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Gary Speed Found Dead


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  • 1 month later...

The widow of former Wales manager Gary Speed tearfully revealed that in the days before he died he had 'talked in terms of taking his life' in a text threatening suicide.

Louise Speed, 40, made the revelation during the inquest into the former footballer's death at Warrington Town Hall in Cheshire.

But coroner Nicholas Rheinberg returned a narrative verdict, saying: 'The evidence does not sufficiently determine whether this was intentional or accidental.'

Mrs Speed also today admitted that she stormed out of their house after an argument and spent the night in the car hours before he was found dead.

She described to the inquest how they had 'had words' the night before he was found hanging in the garage. She said: 'We walked in the house and we had an exchange of words about something and nothing.'

Inquest: Louise Speed, pictured, arrives at Warrington Town Hall this afternoon for the inquest into her husband's death

'I suggested I would go for a drive. He blocked the back door and said "You are not going anywhere",' she added.

'I went upstairs and lay on the bed for probably about five or ten minutes. Then I decided to go for a drive, to clear my mind (and for) space to think.'

The inquest heard Mrs Speed drove to the 'top of the road' and tried to ring her husband's mobile. She parked up for a short time before driving back to the house at 1.30am. She tried to phone again but he did not answer.

'I could see him on the stairs. His toes were in contact with the step' - Louise Speed recalls the moment she found her husband hanged

She had left the house through a 'self-locking' side door, and found she was locked out when she returned, coroner Rheinberg heard.

Mrs Speed slept in the car before attempting to gain entry to the house again the following morning.

After getting some sleep in the vehicle she told the hearing she woke up at about 6am and went to the outside bathroom.

She said she noticed some shed keys missing which were usually stored there and went to the shed to see if Gary was there, before moving to the garage.

'Like all couples we would be going through ups and downs in our marriage and we were working through it' - Louise Speed on her marriage

The widow broke down in tears as she described walking to the rear of the of the house and seeing her husband's body suspended on stairs from through the garage window.

After a brief pause to recover her composure, Mrs Speed said: 'I could see him on the stairs. His toes were in contact with the step.'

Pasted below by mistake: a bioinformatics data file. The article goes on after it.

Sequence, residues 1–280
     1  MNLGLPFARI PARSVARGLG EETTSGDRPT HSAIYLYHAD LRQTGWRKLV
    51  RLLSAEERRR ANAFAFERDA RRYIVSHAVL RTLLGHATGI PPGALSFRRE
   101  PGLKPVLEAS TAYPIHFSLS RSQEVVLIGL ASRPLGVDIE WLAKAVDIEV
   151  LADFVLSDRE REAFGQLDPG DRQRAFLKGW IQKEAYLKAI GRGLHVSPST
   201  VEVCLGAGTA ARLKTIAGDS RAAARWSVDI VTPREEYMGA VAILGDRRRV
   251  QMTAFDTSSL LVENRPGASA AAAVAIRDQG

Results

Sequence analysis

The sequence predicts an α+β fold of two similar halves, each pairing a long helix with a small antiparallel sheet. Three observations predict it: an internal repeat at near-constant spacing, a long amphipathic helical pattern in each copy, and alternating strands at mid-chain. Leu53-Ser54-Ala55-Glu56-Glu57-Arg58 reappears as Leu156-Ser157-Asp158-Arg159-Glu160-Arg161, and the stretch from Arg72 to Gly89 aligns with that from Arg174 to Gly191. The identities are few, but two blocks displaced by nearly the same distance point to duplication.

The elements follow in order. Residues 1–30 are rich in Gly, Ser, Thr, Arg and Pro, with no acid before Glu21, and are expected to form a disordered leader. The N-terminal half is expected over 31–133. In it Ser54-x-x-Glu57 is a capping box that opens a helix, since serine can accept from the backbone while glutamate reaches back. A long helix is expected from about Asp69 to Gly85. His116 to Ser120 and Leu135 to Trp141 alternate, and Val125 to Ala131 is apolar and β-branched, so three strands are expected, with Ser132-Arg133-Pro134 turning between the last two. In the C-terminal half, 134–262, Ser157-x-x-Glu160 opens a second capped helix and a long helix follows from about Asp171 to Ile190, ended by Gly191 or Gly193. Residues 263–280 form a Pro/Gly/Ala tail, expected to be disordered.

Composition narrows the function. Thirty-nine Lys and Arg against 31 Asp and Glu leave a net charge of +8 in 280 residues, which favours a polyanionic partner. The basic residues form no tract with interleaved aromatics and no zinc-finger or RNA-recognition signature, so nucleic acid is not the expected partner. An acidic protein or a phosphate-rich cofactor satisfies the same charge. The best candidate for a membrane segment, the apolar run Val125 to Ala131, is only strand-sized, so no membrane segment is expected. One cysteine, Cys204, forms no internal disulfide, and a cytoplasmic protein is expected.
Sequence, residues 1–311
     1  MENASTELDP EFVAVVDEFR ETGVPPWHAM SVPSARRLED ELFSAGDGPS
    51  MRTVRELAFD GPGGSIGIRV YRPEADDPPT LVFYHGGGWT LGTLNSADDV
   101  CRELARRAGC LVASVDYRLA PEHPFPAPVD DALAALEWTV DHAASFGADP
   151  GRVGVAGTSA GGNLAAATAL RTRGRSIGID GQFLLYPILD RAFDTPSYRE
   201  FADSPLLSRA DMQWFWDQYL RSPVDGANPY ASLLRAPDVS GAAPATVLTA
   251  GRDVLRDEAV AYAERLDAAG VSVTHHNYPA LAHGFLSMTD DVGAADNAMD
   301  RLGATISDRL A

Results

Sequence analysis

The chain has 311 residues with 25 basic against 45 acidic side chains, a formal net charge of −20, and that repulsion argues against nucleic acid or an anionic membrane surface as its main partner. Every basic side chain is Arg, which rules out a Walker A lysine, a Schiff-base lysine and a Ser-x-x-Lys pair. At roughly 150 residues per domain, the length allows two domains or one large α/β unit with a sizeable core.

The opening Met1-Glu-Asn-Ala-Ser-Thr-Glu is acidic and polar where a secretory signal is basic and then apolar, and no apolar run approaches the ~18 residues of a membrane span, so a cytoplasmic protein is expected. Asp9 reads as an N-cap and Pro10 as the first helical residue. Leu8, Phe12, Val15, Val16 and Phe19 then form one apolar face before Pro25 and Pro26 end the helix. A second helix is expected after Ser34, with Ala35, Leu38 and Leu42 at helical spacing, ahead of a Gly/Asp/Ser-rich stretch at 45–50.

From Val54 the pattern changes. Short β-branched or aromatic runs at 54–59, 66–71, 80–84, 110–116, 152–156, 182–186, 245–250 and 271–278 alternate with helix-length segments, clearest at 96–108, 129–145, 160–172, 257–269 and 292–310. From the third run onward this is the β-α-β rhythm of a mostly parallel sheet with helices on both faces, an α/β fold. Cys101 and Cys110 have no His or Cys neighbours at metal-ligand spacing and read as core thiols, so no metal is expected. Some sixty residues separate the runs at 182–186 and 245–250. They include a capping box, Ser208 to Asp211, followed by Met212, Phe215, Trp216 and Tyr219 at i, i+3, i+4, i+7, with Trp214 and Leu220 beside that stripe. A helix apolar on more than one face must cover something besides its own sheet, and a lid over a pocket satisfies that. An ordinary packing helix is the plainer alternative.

She said she then woke their two teenage sons to open up the house and called the emergency services.

On their advice, she cut her husband to the ground as paramedics were dispatched to the luxury £1.5million home near Chester on November 27.


Last moments: Louise Speed, pictured with her husband last year, cut her husband down after her teenage sons let her back into the house

The couple had spent their last evening together at a dinner party at a friend's house where Mr Speed and the other men had jumped into the swimming pool.

Mr Rheinberg described their behaviour as being 'over-boisterous' but Mrs Speed said that was 'quite normal' and said the evening had been 'all good fun'.

The couple had arranged to leave their car at the house because they planned to drink, and were taken home at around 12.45am by a pre-arranged taxi. But shortly after they returned home the couple had 'an exchange of words about something'.

When asked by Mr Rheinberg if there had been 'some degree of stress with the relationship at this time', she agreed and said there had been 'ups and downs' in their marriage.

Mrs Speed said her husband was forced to spend a lot of time away from home as Wales manager.

Wearing a grey trouser suit and pattern scarf, Mrs Speed said management and coaching, first with Sheffield United and then Wales, had put 'something of a strain on him'.

The Welsh role was supposed to be part-time but he was spending 'more time there (at work) than the 'family man' thought he would.

Mrs Speed agreed that 'for both of us it was difficult', with periods travelling abroad adding to his 'separation' from his family.

The coroner asked: 'Would it be fair to say there was some degree of stress with the relationship at this time?' and Mrs Speed agreed.


Row: Louise Speed left the family home, pictured, near Chester, and went for a drive after a row Hours later she discovered her husband hanged in the garage

She added: 'Like all couples we would be going through ups and downs in our marriage and we were working through it.'

Speaking in hushed tones, she added: 'He was a somewhat closed character.

'He liked to take on board everyone else's problems and try to help but was not one to open up himself. He was a very private person in a very public role.'

The day before he died, the 42-year-old former footballer had appeared happy and optimistic during an appearance on the BBC1 show Football Focus.

Dan Walker, the presenter of Football Focus, spent four hours on and off camera with Speed the day before he died and he said he was left stunned by the tragedy.

Speaking in the days after the death, he said Speed had been 'as bubbly as I have known him...It's awful to think that someone who was so gifted and so well liked with the rest of his life to look forward to has been so cruelly removed.'

Newcastle legend Alan Shearer told the inquest that the death of his friend made no sense.


Final hours: Gary Speed appears on the BBC's Football Focus with Gary McAllister on November 26, broadcast from its studios in Salford, hours before he was discovered dead

He said Speed did not appear to be worried about anything when they last met, just hours before his former team-mate was found dead.

In a written statement, Mr Shearer, who did not appear at the inquest in person, said they were good friends and told how their families had enjoyed holidays together.

When they met up they 'let off steam and really enjoyed each other's company', he said.

On their most recent holiday, in August last year, Mr Shearer said Mr Speed was 'more relaxed this year than I have ever seen him'.